The last thing on many young people’s minds is their own mortality. Wills are for older people with children, right? Wrong. Young people who are rich and do not have children may not think they need a will, but they do. Otherwise, a Massachusetts resident’s assets might not be distributed according to his or her wishes if he or she meets an untimely death.
A person does not have to be as rich as Mark Zuckerberg or Bill Gates to appreciate that friends, family and charities could benefit from their wealth. In fact, at least one charitable organization has seen an increased number of young people make substantial donations in the last decade. Some believe it is due to people like Gates and Warren Buffet, who made what is called the Giving Pledge, along with other wealthy people from around the world.
Without some estate planning, that money will never get to the charity of a young person’s choice. Some say that anyone with at least $100,000 needs to take the time to put some plans in writing. Those plans need to outline what an individual wants to happen if he or she becomes incapacitated or dies.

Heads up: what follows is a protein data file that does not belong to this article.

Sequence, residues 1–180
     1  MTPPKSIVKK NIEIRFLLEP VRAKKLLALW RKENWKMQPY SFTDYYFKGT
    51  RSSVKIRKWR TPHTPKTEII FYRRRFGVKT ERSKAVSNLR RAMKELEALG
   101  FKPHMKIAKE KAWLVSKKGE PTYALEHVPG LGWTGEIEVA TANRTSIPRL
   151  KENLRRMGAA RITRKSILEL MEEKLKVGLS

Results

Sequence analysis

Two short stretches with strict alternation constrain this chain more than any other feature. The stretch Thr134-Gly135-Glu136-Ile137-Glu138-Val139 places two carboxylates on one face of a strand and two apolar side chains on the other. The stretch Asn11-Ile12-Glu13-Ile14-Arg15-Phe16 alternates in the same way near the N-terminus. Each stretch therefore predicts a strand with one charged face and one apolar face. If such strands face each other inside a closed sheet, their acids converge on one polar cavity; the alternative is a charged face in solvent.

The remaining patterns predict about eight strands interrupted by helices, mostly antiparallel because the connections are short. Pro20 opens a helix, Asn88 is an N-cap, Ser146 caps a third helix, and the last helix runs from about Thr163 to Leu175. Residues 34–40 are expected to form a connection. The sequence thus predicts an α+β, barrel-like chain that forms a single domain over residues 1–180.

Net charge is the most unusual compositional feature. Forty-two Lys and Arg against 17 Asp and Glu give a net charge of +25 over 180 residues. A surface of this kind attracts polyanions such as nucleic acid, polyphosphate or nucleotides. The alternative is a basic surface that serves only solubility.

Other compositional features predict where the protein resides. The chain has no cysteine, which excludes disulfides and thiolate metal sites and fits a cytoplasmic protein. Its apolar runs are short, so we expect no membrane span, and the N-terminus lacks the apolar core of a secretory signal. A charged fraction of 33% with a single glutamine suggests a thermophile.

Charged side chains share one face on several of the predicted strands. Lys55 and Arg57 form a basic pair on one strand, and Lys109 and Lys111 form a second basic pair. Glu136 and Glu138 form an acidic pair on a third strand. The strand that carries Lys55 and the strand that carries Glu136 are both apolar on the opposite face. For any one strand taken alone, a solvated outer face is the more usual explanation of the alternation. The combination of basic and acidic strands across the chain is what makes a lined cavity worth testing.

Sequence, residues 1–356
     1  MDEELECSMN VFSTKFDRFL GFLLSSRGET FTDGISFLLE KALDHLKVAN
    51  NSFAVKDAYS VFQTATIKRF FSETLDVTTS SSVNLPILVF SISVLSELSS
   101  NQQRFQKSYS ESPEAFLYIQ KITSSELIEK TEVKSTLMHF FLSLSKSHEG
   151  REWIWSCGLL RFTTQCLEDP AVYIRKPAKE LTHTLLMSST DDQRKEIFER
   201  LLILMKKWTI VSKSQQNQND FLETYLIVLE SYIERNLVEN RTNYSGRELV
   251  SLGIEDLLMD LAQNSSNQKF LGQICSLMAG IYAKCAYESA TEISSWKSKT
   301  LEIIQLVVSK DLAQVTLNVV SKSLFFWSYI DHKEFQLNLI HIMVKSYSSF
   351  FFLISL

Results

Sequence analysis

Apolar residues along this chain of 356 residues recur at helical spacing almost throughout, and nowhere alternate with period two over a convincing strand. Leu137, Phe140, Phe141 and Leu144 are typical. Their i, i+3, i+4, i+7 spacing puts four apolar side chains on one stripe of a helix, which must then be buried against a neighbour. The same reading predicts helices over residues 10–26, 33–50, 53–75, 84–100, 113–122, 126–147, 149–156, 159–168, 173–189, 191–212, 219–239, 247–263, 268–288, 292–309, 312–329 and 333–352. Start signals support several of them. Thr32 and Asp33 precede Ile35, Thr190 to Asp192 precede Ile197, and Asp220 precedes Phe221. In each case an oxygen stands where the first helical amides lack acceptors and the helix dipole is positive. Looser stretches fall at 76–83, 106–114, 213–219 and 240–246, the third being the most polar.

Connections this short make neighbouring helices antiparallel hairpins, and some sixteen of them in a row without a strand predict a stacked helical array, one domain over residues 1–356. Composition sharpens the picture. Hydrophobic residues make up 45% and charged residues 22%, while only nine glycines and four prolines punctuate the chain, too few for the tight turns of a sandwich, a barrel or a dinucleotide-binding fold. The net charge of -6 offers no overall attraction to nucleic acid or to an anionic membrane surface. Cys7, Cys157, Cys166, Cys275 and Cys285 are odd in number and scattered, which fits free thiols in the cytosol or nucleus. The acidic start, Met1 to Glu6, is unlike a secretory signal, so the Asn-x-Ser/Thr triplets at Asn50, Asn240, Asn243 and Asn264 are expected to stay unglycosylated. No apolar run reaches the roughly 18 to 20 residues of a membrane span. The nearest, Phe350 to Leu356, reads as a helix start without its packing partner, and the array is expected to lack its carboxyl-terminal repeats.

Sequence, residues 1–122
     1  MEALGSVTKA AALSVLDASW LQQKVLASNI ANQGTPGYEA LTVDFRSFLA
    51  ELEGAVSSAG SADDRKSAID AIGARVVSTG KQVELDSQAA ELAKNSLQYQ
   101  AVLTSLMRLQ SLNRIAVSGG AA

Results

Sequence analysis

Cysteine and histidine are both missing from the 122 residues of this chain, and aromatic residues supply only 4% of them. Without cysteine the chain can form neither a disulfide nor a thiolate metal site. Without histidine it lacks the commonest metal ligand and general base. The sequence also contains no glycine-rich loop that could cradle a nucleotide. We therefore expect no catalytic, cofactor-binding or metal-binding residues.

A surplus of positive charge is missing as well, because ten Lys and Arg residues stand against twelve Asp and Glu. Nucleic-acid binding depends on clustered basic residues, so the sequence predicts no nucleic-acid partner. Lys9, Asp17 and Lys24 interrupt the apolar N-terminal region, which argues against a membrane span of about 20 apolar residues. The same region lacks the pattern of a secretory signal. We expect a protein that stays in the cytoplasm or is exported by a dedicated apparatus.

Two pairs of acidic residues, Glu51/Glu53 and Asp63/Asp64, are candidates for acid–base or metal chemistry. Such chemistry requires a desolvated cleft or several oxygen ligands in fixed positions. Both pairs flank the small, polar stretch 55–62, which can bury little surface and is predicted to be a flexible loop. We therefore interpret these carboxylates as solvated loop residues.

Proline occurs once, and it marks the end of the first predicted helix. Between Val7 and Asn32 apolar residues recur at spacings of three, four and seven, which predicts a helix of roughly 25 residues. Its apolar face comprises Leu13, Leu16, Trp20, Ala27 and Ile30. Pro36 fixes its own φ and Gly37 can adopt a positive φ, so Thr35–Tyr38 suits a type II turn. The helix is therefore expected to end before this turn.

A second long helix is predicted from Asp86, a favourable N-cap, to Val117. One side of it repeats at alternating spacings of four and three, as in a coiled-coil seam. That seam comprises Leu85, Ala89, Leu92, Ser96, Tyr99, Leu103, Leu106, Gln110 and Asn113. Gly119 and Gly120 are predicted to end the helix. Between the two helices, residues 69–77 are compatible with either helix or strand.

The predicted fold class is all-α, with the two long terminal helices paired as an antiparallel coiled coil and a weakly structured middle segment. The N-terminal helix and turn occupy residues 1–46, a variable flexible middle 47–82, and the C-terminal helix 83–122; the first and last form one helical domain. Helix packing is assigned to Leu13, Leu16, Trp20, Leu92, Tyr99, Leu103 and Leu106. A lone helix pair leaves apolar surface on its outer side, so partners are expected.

Wills designate who receives an individual’s assets when he or she passes away. However, estate planning consists of a myriad of options for all Massachusetts residents who want to share their wealth while they are alive as well. Knowledge is power, and it provides individuals with options. It is never too early to prepare for the future and consider how best to share good fortune.
Source: Reuters, “Estate planning for the young, rich and childless“, Beth Pinsker, June 2, 2014